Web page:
If you have been waiting to use these features, go ahead and upgrade Google Chrome to the latest stable version.
Google Chrome extensions were unveiled almost a year ago. However, til now extensions were available only in the beta builds. If you have been waiting for extension support to arrive in the stable builds, we have some good news for you.
Google has just released Chrome 4.0 (126.96.36.199) which includes extension support. This indicates that the Chrome extensions architecture is now mature enough for mass consumption. Google extension gallery currently houses more than 1,500 extensions and the number will only increase in the future.
The other major feature that has been introduced to this build is bookmark synchronization. Like extensions, this feature was also previously available in the beta builds. This build also includes several new HTML5 features like LocalStorage. Performance has also been improved. In fact, Google is claiming that this build is 42% faster than the previous build.
Extensions support is likely to accelerate Chrome’s growth, since it may convince many Firefox users to finally make the switch. If you have not checked out Google Chrome before, go ahead and give it a try. If you have already installed Chrome, update your build now.
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Google Docs is the best online office suite with powerful features of editing, collaboration and sharing. There are many Firefox add-ons already available to integrate Google Docs with Firefox. But a Chrome extension was missing, and finally we have a cool Google chrome extension for that.
This Google Docs extension is actually the iGoogle gadget transformed as a Chrome extension. Using this extension, you can access your Docs account just with a single click. Users can also create new documents, presentations, spreadsheets etc. right from the extension popup. By default, it lists your recent documents, but you can filter files from the showmenu.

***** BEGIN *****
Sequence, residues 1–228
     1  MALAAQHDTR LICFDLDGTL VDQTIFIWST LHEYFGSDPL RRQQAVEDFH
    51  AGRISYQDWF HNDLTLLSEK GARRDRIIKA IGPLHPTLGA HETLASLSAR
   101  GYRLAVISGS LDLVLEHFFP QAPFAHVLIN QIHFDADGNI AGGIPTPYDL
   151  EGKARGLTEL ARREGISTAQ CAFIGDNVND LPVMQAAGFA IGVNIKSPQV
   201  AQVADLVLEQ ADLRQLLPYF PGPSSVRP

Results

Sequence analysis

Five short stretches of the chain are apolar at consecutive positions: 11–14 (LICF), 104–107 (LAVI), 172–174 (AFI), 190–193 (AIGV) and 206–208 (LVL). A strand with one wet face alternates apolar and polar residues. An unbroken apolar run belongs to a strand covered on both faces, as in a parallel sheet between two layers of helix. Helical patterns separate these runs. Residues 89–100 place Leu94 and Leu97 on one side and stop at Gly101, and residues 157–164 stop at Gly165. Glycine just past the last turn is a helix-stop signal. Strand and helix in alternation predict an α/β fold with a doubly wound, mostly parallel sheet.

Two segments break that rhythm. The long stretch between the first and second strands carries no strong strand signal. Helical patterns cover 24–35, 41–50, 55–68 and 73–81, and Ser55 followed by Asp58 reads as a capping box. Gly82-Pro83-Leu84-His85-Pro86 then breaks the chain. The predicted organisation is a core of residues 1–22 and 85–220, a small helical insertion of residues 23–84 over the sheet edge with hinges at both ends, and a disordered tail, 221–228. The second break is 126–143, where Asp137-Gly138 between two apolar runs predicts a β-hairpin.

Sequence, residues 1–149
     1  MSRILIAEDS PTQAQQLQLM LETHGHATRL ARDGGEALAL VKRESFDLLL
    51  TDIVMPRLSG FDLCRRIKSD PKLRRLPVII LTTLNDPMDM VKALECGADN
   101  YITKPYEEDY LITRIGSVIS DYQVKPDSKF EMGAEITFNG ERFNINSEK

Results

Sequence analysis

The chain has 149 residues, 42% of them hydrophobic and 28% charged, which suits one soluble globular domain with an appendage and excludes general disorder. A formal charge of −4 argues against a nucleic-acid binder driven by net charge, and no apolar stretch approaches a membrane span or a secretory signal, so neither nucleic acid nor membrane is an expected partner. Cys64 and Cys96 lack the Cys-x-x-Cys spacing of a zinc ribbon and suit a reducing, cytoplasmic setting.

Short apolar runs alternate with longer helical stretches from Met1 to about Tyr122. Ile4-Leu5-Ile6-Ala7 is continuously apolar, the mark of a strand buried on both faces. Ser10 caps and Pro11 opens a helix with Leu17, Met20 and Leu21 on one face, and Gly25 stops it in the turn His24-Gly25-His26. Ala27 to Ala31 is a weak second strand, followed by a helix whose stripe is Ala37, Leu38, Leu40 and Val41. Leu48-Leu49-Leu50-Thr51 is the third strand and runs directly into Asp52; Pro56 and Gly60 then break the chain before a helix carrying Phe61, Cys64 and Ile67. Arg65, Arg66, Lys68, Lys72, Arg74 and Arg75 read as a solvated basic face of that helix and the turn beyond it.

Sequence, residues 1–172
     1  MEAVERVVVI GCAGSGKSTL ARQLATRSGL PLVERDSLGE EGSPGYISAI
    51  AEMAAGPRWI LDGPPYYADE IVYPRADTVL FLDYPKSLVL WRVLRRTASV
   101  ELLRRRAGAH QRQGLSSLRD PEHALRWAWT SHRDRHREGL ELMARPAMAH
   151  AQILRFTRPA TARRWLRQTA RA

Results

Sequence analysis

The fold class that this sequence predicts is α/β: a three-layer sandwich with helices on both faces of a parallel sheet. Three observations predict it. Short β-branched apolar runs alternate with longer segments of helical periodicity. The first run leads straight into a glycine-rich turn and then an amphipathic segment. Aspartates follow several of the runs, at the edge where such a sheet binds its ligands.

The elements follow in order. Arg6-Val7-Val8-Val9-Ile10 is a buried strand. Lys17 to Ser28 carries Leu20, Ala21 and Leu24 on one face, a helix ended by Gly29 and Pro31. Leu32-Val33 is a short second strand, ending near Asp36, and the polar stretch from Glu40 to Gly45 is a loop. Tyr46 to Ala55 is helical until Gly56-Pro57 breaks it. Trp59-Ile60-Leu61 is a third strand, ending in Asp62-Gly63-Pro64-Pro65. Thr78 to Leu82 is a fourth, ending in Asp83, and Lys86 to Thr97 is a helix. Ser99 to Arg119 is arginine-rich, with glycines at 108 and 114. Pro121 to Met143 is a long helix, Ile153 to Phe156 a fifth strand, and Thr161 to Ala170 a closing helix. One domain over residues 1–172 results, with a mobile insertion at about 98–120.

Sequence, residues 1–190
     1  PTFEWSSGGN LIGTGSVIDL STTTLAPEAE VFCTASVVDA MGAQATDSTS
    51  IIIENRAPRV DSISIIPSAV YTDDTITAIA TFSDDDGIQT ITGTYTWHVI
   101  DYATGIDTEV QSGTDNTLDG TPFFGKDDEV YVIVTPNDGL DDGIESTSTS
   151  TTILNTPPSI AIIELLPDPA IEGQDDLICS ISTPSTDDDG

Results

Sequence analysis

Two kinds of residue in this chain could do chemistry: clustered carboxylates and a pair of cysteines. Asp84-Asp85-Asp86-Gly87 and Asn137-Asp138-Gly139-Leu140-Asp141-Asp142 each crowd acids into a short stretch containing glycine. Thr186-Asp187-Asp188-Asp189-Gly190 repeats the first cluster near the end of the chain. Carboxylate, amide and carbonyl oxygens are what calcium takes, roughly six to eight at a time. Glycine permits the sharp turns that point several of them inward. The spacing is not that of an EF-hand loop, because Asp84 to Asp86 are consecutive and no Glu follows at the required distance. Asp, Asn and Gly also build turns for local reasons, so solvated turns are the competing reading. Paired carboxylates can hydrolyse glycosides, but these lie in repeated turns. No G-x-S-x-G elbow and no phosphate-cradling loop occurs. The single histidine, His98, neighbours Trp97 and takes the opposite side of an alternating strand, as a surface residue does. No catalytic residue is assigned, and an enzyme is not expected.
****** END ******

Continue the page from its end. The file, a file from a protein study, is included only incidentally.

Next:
Some other Chrome extensions for Google Docs
- QuietRead: QuietRead is another useful tool for Chrome users. Users can bookmark web pages using QuietRead, and it saves these links in a separate Google Docs spreadsheet. Hence, you can collect links into a spreadsheet. It has option to sort and search links.
- Import to Google Docs : It provides an easy way to view supported files in Google Docs from the Google search result page. Unfortunately, this extension is not working as expected and developer needs to work on it. :(
- Docs PDF/PowerPoint Viewer and gPDF : we have already covered gPDF in our popular post: Best Chrome Extensions You Should Definitely Download. These extensions open PDF (and other supported formats like PPT) in Google’s Docs Viewer. You can view these files in an online application, without any desktop tool.
For those who like to live on the (tech) edge and prefer to use the developer builds of the Chrome browser on Windows 7 might have noticed the absence of Jumplists in the previous update. Jumplist is a Windows 7 feature that allows quick access to certain application features from the icon in the taskbar. The previous version had removed Jumplists altogether, however the latest update in the dev channel ver 4.0.295.0 brings back Jumplists and has added support for launching recently closed tabs, something that none of the other browsers support as of now. The addition is quite handy and might be introduced by newer builds of other browsers. Screen shot:
Chrome 4.0.295.0 still does not support tab previews for Windows 7.